I love autumn and the shadow of meaning, and I like
in autumn a light mystery of diaphanous handkerchiefs,
like poetry in the burst after birth, dazzled
by the incandescent night or the dimness of light.
It crawls and doesn’t find the names for things.
I like a light rain that wets only the distant others:
Once, in a similar autumn,
a wedding parade of ours crossed
ways with one of the funerals, and the living celebrated
the dead, the dead the living.
I like to see a king bow to retrieve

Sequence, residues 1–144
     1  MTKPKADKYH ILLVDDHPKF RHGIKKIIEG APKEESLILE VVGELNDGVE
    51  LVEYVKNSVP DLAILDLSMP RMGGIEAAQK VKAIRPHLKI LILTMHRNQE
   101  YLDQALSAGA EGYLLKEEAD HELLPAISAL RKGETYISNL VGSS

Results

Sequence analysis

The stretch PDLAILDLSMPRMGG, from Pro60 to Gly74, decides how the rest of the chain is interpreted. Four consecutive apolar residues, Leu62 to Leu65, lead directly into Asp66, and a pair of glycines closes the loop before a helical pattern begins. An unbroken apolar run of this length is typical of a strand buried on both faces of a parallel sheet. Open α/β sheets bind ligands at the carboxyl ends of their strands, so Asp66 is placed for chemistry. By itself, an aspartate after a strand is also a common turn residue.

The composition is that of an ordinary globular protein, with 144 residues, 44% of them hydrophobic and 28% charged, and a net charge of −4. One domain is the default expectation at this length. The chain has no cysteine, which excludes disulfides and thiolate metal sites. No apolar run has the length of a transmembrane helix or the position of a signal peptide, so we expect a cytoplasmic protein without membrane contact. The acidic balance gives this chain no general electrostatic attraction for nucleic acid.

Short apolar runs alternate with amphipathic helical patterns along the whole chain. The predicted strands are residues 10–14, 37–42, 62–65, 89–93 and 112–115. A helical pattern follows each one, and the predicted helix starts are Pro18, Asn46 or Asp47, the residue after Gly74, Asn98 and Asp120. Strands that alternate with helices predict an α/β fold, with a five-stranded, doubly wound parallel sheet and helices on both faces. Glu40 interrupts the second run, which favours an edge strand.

the pearl of the crown from a fish in the lake.
I like the radiance of color in autumn, when there’s no
throne for the humble gold upon the humble
leaves, an equality in the thirst of love.
I like that it is a truce between two armies waiting for
the duel of two women poets who love autumn,
but differ over the course of metaphor.
And I like in autumn the collusion between
vision and phrase.